Juncus articulatus is a flowering plant species in the rush family Juncaceae. It is known by the common name Jointleaf Rush, and more ambiguously as Jointed Rush, which can also refer to J. kraussii from Australia. It is native to Eurasia and much of Canada and the United States. It grows in moist areas, such as wet sand, and thrives in calcareous soils. J. articulatus was found to be more sensitive to drought and salt stress than its congeners J. acutus and J. maritimus. It is a perennial herb producing mainly erect stems from a short rhizome. The stem may root at nodes, and it generally has one or more cylindrical leaves up to 10 centimeters long.
The inflorescence atop the stem has several branches with up to 25 clusters of up to 12 flowers each. Each individual flower has greenish to dark brown, pointed tepals 2 to 3 millimeters long, six stamens bearing anthers, and a protruding, feathery pistil. The fruit is a dark brown capsule with a pointed tip.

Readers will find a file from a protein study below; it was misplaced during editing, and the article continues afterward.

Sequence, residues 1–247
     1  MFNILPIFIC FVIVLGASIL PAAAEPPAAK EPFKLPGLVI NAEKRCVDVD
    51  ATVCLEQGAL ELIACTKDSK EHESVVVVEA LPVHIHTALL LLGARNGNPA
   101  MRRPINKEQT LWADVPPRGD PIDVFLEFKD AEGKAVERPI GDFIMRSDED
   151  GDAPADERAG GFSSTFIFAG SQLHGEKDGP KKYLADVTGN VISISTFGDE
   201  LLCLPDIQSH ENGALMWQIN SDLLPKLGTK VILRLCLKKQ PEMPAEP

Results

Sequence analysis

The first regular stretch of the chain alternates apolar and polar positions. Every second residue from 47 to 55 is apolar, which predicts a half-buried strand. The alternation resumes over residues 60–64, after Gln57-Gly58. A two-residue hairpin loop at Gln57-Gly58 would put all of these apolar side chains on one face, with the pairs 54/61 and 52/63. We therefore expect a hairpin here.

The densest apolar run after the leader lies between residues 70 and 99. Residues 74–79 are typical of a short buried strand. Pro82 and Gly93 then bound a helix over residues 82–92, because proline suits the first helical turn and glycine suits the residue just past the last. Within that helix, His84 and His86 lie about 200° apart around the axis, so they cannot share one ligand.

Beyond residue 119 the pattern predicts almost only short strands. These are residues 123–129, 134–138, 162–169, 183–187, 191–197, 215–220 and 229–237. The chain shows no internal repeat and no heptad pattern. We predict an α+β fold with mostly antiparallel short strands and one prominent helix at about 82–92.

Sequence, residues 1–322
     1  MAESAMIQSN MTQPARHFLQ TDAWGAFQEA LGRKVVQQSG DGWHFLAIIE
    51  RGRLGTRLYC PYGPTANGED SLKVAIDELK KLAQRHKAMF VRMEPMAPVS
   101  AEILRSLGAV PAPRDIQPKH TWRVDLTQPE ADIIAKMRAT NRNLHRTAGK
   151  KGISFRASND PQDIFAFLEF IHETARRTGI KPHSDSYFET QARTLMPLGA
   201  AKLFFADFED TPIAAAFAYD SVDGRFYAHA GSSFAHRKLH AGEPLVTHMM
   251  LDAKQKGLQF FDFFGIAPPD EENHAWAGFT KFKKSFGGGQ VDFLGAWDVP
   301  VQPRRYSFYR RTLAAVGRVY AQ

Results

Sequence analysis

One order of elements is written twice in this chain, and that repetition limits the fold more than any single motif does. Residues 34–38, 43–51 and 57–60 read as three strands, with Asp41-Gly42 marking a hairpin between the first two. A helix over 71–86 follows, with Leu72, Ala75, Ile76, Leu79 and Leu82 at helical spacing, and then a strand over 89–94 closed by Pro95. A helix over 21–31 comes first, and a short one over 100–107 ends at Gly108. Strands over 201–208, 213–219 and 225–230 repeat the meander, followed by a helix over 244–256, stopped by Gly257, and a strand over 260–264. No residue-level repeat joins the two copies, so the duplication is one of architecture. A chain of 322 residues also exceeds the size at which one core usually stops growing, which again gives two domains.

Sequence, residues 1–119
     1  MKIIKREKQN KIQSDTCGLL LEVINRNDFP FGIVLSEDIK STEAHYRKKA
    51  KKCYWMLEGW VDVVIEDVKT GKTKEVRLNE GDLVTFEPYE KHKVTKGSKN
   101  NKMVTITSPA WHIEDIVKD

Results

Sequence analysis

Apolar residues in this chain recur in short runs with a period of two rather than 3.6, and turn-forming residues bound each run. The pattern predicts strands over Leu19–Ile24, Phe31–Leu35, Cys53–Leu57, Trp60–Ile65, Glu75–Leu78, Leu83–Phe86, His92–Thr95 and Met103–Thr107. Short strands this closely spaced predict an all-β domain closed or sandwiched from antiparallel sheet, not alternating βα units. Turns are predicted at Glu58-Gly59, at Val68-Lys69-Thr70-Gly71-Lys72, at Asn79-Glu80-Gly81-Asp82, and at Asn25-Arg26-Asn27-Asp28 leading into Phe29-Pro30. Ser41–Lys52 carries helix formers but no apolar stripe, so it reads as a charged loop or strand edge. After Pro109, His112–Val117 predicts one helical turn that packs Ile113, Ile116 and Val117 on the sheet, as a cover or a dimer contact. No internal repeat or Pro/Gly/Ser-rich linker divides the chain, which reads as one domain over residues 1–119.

Horizontal internal joints may be seen or felt on the stem of the plant.
- "BSBI List 2007". Botanical Society of Britain and Ireland. Archived from the original (xls) on 2015-02-25. Retrieved 2014-10-17.
- Al Hassan, M., Lopez-Gresa, M., Boscaiu, M., Vicente, O. (2016) Stress tolerance mechanisms in Juncus: Responses to salinity and drought in three Juncus species adapted to different natural environments. Functional Plant Biology. DOI: 10.1071/FP16007.
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